Mark won, and the country boy sat down. He played Mark and beat him soundly. Mark couldn’t accept it. They played three more games, and each time the country guy trounced Mark.
When Mark joined the military and met people from all over the US and its territories, he realized further how narrow and bigoted his worldview had been.
Does travel give a person global awareness, asks James?
That’s interesting, says Mark. He has seen people travel and not gain that kind of awareness.
James’s world certainly opened with his travels over the last 12 to 15 years. It’s humbled him, he says, because he realizes how much he didn’t know, and how he was living his own little world version.
A brief recap
So far James and Mark have discussed how a lot of division is engineered, putting many relationships in a precarious place.
Knowing that, you can decide to be more empathetic with others, to be more open-minded, to change our position, to draw wisdom from and to respect your elders who have navigated through more of life than you have.
We should also be aware of, and research, logical fallacies. James thinks there’s an episode in that.
Perhaps, he says, we could question more about why things are happening. And when we’re faced with a trigger, maybe we can look within ourselves and ask, Now, why does that make me so upset? What is causing that?
So how do we smooth over or decide whether to have a relationship with someone when things get tough? That’s his last question to Mark.
Examining what’s really important to you
A really good place to start, says Mark, would be asking yourself what’s really important. Everybody thinks their view is the one that’s best for humanity. But then why isn’t it working with the human who’s standing in front of them right now?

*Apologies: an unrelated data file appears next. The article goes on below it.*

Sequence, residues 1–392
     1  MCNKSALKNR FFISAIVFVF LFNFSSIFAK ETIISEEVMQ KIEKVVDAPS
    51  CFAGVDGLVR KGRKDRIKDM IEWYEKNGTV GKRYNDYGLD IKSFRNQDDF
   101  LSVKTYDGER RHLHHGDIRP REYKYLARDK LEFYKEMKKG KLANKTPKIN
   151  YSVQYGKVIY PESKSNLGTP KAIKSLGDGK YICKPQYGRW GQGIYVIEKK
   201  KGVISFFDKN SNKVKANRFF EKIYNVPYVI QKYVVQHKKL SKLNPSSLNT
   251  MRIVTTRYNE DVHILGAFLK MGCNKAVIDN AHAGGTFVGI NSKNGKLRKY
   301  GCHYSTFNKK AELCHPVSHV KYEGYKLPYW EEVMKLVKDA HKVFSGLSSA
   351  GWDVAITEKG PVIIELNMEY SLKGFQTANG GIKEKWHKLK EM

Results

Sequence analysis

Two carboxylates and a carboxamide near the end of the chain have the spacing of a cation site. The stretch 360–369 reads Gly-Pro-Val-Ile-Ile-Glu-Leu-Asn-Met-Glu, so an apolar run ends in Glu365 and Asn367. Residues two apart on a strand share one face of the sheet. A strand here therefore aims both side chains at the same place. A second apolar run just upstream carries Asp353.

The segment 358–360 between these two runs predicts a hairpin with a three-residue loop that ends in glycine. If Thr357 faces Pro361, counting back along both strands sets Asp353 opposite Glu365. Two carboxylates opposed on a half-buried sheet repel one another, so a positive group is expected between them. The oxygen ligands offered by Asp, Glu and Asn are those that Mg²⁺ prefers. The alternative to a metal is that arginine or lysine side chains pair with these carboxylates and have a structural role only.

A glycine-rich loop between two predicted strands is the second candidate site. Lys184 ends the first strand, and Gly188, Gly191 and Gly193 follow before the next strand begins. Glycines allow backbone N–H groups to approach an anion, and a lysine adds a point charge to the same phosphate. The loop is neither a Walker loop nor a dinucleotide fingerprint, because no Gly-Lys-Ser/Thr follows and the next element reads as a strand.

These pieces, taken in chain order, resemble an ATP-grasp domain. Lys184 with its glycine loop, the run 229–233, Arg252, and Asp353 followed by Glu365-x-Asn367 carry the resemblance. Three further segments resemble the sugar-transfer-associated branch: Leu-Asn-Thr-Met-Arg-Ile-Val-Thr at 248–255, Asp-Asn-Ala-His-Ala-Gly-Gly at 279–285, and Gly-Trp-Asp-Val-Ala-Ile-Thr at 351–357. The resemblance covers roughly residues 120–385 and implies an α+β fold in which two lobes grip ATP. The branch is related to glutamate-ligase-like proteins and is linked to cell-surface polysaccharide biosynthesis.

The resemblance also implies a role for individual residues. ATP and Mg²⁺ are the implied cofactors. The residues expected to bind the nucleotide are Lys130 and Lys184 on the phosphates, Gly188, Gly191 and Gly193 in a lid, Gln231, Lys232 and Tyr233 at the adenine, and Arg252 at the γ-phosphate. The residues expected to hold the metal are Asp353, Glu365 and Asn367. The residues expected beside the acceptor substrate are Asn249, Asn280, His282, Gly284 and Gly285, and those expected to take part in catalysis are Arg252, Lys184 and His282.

Wouldn’t doing what’s best for humanity mean doing your best to get along and understand the person right in front of you? Isn’t everything else just kind of a manufactured fantasy in your mind?
Sure, you feel good about helping this group of people or that group. You want to defend this group of people, you identify with this group of people. What about the person in front of you? Isn’t that the most important thing?
Robert Greene studied the rapper 50 Cent for a year to discover the secret of his business acumen. What it boiled down to was what 50 Cent called the hustler’s eye, the ability to see reality as it actually is. How many of us can do that? Is it possible for us to see reality without coloring it, without everything that we’re bringing to it, without the lenses we wear at all times?
The bonds that are worth preserving
Mark suggests we start there, and see the value in getting along with people. Especially family. When everything else is stripped away, your family is likely to be the thing that’s still there. Nurture that, take care of that.
Yes, sometimes it’s hard. Mark has had family members he’s had serious problems with, that he took the time to mend. And it was so worth it. And friendships, too.
There are relationships Mark has never resolved, and may never, and that’s fine, he says. But the ones he has repaired have paid enormous dividends. Some of the people he didn’t value, because he thought the answers to everything were out there, were right there the whole time. Those were the really valuable relationships, and Mark discounted their value. He’s glad he’s changed that.
If you want more about Mark, his print book is Simpleology. It gives people that basic epistemological education Mark thinks we’re missing, and hopefully helps open up perspectives so that people can create peace with others. There’s also his software, Simpleology, which helps you get done in a couple of hours what normally takes you a full day or longer.